Come Back, Lucy by Pamela Sykes (1977), published in the US as Mirror of Danger, is one I've been meaning to review for ages--it has an extremely loyal following of readers who were haunted by it, and was made into a television show that seems to have been equally popular.
Lucy has lived a very quiet childhood brought up by her extremely old-fashioned aunt--playing spillikins and croquet, educated at home, and generally out-of-step with modern (1970s) children. When her aunt dies, Lucy is sent off to relatives she has never met (an uncle and aunt with three children of their own) and finds herself in a completely alien environment. The house is noisy--full of popular music, and television, and arguing. It is old on the inside, but in the process of being modernized (personal shudder) inside. And Lucy has nothing whatsoever in common with her cousins, and doesn't even have a room of her own. She doesn't want to be there one single bit.
And her cousins don't know what to make of Lucy either--she makes no attempt to even try to see any good in them, and it's hard to be friendly with someone who clearly doesn't want to be friends.
Lucy, in her loneliness, goes up to the attic alone--a place where the past of the old house has been left undisturbed. And there she meets Alice, who brings her back in time to the 19th century to play. At first, Alice seems like the perfect friend. But every time Lucy goes back to the past, Alice shows more and more of her true character. Alice always gets what she wants, no matter if she has to lie or cheat to do so. And now Alice wants Lucy to stay with her forever....
It's a lovey psychological drama, as Lucy's perceptions, and those of the reader, change over the course of the book. Alice becomes increasingly unlikeable, and downright terrifying at the end, and her modern family grows increasingly more sympathetic. I simultaneously sympathized deeply with Lucy, while wanting, now and then, to shake her just tad. And I sympathized with her new family too, but really wanted to shake the parents, especially toward the beginning of the book! (Honestly, when you bring a grief-stricken child into your home, you should make some effort to cut down on outside obligations and pay particular attention to her, finding out what she likes and what would make her feel safe and at home. Humph.)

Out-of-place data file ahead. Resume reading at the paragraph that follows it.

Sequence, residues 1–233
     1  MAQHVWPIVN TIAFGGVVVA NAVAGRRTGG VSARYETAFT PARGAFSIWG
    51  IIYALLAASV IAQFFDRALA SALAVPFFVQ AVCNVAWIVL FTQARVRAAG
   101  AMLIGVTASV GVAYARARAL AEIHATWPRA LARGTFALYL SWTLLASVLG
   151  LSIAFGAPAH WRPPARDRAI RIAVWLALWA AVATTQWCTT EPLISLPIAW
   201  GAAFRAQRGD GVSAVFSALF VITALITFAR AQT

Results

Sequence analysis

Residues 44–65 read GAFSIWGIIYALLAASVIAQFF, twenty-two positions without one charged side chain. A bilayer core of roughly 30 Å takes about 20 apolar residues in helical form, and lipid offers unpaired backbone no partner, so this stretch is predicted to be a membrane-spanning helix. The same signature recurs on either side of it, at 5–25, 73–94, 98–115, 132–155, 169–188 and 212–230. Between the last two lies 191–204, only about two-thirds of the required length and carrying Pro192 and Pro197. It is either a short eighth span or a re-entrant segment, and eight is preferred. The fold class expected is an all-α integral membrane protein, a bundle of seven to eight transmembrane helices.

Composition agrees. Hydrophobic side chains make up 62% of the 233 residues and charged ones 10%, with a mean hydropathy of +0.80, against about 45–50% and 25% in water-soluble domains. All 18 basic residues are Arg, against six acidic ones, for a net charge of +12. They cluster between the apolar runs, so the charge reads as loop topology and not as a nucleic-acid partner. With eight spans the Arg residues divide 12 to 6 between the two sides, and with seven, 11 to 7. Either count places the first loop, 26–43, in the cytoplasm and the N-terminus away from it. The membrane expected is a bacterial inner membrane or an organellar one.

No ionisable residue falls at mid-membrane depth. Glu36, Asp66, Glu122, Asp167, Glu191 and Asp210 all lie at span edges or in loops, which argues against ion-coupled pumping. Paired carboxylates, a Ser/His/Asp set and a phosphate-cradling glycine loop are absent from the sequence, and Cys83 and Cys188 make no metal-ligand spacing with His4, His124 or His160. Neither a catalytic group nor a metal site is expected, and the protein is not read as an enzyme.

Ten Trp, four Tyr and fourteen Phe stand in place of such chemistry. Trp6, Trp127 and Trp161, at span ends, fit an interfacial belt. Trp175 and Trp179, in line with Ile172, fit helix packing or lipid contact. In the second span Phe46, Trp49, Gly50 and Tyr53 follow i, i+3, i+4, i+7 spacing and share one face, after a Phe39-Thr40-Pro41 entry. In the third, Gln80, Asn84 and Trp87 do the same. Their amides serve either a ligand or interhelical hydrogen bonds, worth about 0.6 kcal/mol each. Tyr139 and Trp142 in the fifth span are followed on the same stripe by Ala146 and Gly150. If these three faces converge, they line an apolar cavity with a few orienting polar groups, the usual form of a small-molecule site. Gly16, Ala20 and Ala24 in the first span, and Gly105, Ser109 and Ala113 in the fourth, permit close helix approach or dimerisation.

It's more ghost story in feel than it is time travel--although Lucy goes back in time to visit Alice, with some small issues of clothing discussed, Alice seems to be actually haunting Lucy (and to a lesser extent, others in the family). It's the relationship between the two girls, rather than going back to the past, that's central, so if you are looking for a trip to Victorian England, you might be disappointed.
But at any event, it's a spooky, character-driven page turner that sticks in the mind, and I can totally believe that if, like so many commenters on Goodreads, I had read it as a child, it would have knocked my socks off.
Especially recommended for reading at during the Christmas season, when the book takes place--it's shows a nice contrast between a proper old-fashioned Victorian-style Christmas and a bright modern 1970s one. (Poor Lucy's horror when she saw her new family's decorating style resonated with me!)
Thanks to the wonders of YouTube, you can watch the 1970s tv show based on this book in the comfort of your own home--here's the first episode.
(Thanks, Anamaria, for lending this one to me!)